Method to assign abilities in D&D

A key part or creating a character in any roleplaying game is to roll (buy or assign) abilities (or stats, or whatever they are called). In D&D there are 6 of them, and the basic idea is that you roll 3d6 for each and get 6 values in the range [3,18].

Abilities follow the Character forever so they do matter. Even if you are not into Character optimization, it is often more fun if your Character does not suck and if there is a level field.

Rolling

There are different ways to roll 3d6 in a way that it gives decent results. D&D 5e suggests rolling 4 dice ignoring the worst (and it is a good method). The problem with rolling is that given any method there are better and worse outcomes. And there are outcomes that are more or less suitable for a given class (or type of Character). In the end, if the player is not happy he may just decide to start over, and nobody wants unhappy players before the game even starts.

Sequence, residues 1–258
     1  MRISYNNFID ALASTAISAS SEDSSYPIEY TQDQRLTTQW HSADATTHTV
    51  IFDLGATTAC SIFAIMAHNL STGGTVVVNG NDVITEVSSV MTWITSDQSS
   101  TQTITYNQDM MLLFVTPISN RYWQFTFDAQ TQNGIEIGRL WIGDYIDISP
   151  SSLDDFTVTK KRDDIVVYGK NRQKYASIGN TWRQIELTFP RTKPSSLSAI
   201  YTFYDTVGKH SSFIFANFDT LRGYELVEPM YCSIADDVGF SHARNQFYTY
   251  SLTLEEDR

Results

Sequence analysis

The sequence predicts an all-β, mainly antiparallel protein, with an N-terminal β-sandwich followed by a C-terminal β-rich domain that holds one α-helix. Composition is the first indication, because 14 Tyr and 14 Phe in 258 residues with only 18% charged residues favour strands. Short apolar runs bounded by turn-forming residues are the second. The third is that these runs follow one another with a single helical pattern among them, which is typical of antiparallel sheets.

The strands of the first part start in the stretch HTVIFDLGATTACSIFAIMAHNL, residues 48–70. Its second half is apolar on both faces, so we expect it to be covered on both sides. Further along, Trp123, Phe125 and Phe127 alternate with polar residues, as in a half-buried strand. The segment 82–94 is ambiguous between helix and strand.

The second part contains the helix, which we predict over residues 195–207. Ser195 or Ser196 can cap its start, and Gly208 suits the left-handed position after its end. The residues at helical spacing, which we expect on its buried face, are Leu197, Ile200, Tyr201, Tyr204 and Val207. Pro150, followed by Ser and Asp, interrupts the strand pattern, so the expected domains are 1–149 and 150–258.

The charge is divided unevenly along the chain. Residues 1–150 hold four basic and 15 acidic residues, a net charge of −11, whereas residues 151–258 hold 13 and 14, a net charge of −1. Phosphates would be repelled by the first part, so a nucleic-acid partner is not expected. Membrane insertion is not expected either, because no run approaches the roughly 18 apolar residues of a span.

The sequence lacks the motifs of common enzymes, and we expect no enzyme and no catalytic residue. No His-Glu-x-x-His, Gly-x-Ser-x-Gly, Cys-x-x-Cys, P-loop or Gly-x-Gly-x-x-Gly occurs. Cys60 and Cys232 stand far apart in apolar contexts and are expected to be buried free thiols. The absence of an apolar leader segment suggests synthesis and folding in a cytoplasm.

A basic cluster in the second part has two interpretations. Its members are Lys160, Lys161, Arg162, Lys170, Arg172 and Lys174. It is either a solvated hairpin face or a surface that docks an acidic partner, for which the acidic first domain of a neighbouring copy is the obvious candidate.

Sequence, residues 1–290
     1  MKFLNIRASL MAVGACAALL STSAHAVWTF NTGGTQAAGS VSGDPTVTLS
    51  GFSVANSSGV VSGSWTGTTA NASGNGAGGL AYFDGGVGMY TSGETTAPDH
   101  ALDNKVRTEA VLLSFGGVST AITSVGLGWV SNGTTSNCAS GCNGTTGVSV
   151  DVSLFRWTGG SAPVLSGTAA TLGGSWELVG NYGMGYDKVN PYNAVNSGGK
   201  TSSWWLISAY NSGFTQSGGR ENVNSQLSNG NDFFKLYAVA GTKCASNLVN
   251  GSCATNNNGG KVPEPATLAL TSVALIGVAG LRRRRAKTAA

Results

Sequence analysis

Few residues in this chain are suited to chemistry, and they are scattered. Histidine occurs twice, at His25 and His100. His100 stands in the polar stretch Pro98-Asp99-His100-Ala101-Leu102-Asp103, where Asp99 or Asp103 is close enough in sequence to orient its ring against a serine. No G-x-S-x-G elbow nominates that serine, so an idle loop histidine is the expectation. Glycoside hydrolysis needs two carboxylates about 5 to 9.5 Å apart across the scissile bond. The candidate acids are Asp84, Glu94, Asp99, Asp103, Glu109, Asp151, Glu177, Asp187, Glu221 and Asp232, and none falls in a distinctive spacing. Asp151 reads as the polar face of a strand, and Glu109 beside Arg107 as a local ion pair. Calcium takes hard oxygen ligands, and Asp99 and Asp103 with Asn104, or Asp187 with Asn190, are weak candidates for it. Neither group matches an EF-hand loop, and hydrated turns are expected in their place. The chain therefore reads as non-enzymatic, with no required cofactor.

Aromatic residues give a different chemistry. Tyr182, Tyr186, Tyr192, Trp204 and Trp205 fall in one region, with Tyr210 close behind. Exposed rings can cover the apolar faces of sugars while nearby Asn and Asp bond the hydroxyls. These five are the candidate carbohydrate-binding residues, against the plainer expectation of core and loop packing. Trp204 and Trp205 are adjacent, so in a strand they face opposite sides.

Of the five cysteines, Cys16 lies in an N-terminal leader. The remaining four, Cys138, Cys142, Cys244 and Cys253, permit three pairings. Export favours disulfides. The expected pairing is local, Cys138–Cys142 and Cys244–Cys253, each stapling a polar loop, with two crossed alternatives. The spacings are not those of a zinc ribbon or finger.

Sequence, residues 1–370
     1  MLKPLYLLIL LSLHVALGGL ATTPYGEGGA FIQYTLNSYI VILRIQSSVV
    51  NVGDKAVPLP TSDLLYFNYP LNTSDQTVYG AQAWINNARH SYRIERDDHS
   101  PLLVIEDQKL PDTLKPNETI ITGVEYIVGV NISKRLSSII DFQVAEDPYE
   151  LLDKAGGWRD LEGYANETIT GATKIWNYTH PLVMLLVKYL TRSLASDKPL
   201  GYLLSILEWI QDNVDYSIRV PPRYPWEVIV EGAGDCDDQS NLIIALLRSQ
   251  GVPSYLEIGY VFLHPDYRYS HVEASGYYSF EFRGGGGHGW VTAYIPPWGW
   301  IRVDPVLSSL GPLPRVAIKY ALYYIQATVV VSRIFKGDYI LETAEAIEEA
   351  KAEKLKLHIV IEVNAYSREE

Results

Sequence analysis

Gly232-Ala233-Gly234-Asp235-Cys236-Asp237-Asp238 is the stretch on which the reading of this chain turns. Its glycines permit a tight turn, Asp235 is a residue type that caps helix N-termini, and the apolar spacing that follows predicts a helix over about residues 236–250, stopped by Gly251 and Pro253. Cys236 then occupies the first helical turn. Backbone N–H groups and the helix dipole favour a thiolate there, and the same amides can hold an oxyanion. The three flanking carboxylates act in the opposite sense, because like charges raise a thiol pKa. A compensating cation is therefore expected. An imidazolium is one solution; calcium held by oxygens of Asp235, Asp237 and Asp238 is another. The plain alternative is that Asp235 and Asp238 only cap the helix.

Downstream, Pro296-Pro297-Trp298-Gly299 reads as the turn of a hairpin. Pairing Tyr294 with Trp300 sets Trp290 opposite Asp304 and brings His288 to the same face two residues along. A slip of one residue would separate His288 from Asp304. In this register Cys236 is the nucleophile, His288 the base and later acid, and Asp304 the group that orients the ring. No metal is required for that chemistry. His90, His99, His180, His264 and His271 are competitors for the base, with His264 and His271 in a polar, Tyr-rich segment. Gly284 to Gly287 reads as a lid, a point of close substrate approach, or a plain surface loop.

Buying / assigning

In order to avoid endless rerolls, and that some Characters genuinely and forever are better or worse from day 1, there are many ways to buy/assign stats. D&D 5e suggests two methods, both allowing abilities in the range [8,15]. To me, that is a bit dull.

I have seen other games or methods where characters end up with 18,18,18,5,3,3 and such stats. That is quite ridiculous.

Proposed Method

I suggest you assign values from a given standard range, and then apply “buffs” to them (5, or at your DMs choice).

Standard value   7    9   11   12   14   16
Modifier        -2   -1    0   +1   +2   +3
Buff            ---- +2 ----   ----- +1 ------

What this means is that 1 buff (of 5) can raise the one of the low values (7,9,11) two steps, which gives it a better modifier. However, to get a better modifier with one of the higher values you need two buffs. Also, getting 18 is possible, but only for one single ability.

I think it is reasonable that Characters can have som bad abilities and some strong abilities, and this enables modifiers from -2 to +4.

Compared averages

Different methods have different averages.

   3d6                     10.5
   4d6 (ignore worst)      12.2
   2d6+6                   13.0
   D&D 5e standard range   12.0
   Proposed Method        ~12.7  (12.5 with 4 buffs)

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